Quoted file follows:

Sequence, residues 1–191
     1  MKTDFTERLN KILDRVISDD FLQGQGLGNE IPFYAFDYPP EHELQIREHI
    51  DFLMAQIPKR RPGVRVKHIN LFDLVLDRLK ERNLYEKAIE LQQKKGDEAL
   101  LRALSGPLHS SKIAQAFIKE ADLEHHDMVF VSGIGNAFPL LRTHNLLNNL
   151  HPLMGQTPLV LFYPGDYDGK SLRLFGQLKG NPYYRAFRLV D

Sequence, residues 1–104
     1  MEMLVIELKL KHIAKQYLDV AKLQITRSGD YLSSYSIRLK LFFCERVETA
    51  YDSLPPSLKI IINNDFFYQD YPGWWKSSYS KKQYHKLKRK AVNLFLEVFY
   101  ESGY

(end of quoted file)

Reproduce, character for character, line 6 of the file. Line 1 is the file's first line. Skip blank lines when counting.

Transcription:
Sequence, residues 1–104